After getting off the bus, you have to cross the road through the pedestrian bridge. There are two railway tracks, you have to go to the one which is further from the road. Go to the very end of the pedestrian bridge and go down the stairs. When you arrive at "Ferihegy" train station, you can buy a train ticket from the ticket vending machine or in the phone application named MÁV. You can also buy your ticket online here.

You need to buy train ticket to Szeged, the prices and the timetable can be found here. Trains leave from Ferihegy train station to Szeged hourly always at hh:13 minutes, and the travel takes two hours. It is recommended to buy also an InterCity ticket for an extra fee, for which you will get a fixed seat in a better compartment. The InterCity tickets for seat reseravtion contain the number of the carriage (kocsi in Hungarian) and the number of the seat (hely in Hungarian). Please look for these carriages at the very end of the train. Szeged is the terminal station of the train, so you do not need to check where to get off.

From the railway station you can easily reach the Bolyai Building by tram or a twelve-minute-long walk (about 1 km). Take the tram No. 1 or No. 2 in front of the railway station and get off at the 3rd stop (Aradi vértanúk tere).

Tickets for buses and trams can be purchased in kiosks, from ticket vending machines (430 HUF), can be bought from the drivers or from the ticket vending machines on the bus/tram (600 HUF or 500 HUF). A weekly ticket costs 3300 HUF. In particular, you can purchase bus tickets inside the building of the railway station, downstairs at the exit. Timetables and maps of local transportation can be found here.

By GreenShuttle

A more expensive, but really comfortable direct shuttle is available for 11400 HUF by the company Greenshuttle. Their cars take you from Budapest airport to your hotel door in Szeged. The maximum waiting time at the airport is 30 minutes for a "green" shuttle, while the more economic "orange" transfer operates with a 2-hour maximum waiting time for 8800 HUF. It is recommended to book the shuttle 48 hours before departure time, otherwise a 20% extra charge is applied. For more info: check this page.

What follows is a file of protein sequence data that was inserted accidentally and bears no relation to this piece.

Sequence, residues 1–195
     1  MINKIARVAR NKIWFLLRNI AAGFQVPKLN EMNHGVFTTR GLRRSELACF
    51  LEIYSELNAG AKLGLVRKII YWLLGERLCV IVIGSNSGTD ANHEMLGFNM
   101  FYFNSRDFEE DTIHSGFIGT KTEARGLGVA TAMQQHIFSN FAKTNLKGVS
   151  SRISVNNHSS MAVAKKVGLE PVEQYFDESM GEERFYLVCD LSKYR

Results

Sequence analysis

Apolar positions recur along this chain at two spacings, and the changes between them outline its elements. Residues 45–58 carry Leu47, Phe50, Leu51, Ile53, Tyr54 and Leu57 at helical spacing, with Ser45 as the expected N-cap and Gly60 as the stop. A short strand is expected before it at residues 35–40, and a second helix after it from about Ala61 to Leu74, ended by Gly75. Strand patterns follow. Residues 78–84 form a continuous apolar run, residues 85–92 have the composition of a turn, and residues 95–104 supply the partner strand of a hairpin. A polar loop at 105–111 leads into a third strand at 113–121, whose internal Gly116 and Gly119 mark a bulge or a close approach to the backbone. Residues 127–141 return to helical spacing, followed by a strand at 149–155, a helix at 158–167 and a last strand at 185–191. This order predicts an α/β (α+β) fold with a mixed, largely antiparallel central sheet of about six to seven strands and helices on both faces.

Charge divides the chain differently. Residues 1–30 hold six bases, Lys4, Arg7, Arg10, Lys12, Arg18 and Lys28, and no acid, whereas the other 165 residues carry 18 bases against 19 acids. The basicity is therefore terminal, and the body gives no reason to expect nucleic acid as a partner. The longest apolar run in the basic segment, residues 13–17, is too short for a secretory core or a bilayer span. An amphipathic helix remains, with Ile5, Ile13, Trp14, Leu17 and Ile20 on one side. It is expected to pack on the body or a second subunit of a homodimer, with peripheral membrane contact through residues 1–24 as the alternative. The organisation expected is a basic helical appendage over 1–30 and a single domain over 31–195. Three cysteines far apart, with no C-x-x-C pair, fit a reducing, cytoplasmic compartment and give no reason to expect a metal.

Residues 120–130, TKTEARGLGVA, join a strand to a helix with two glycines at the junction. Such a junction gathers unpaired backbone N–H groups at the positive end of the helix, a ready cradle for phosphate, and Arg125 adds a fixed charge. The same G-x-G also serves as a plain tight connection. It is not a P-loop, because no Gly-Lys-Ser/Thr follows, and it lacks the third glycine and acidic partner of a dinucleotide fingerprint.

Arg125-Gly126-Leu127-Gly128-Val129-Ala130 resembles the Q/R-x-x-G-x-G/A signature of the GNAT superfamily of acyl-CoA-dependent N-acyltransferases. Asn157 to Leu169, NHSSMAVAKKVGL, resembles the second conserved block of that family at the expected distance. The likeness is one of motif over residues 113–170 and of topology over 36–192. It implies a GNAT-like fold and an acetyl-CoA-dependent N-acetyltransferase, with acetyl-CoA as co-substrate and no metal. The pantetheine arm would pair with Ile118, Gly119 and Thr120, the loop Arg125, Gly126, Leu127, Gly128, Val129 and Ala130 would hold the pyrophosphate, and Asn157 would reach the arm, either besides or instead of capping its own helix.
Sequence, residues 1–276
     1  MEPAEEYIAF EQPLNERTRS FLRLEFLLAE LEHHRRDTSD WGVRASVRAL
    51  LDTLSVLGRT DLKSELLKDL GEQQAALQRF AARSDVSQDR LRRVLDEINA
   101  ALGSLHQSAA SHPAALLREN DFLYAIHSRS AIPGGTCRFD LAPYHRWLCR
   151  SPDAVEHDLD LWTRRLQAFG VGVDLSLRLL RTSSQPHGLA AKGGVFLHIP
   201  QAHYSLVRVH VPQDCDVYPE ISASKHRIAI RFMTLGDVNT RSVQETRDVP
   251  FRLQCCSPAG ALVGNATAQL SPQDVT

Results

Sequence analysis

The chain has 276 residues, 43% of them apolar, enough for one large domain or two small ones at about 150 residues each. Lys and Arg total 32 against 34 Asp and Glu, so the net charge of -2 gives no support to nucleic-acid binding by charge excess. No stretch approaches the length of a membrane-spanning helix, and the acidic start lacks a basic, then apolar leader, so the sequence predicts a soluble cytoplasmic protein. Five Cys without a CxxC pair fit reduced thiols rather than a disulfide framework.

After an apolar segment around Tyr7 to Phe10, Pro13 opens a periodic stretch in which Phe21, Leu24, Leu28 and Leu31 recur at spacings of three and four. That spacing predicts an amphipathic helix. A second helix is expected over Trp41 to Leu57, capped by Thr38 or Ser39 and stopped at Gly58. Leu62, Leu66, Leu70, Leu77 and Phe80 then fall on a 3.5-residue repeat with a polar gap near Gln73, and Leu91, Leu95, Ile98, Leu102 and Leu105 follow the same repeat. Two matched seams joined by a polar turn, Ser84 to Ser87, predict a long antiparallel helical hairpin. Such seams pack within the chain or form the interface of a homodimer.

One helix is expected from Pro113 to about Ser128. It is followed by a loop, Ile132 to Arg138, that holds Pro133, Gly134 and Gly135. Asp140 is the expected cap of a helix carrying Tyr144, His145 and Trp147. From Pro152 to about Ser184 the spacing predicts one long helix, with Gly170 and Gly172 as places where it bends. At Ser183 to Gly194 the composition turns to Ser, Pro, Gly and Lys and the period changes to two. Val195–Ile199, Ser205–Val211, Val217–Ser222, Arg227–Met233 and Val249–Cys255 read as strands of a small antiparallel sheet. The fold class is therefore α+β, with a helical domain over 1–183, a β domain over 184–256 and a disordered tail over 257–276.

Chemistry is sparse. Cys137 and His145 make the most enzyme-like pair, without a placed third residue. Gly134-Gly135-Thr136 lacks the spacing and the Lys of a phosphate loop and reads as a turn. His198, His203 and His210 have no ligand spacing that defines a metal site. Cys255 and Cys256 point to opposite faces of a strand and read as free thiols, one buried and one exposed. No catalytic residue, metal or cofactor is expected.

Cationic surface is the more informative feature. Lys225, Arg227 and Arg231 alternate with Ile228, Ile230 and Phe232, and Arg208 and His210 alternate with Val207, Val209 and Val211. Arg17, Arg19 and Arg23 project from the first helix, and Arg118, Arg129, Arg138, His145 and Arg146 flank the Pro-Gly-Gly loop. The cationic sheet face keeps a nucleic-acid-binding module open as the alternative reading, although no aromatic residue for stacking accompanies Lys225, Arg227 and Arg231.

By bus

Direct bus lines are available from/to many cities. You might check the bus schedules.

Parking and public transport in Szeged

There are many parking places in the downtown near Aradi vértanúk Square. Szeged has a prepaid ticket parking system: inside the middle boulevard and in some other places you must have a prepaid ticket under your windscreen on weekdays (mostly between 8:00 and 18:00 but check the signs), and for some places on Saturday too. You can buy the ticket from the ticket machines where you can pay by credit card or in cash, but tickets may also be bought by SMS, telephone or a mobile application.



  • Csilla Kertész (

Scientific Committee:

  • Gergely Röst (
  • Attila Dénes (
  • Nóra Juhász (
  • Zsolt Vizi (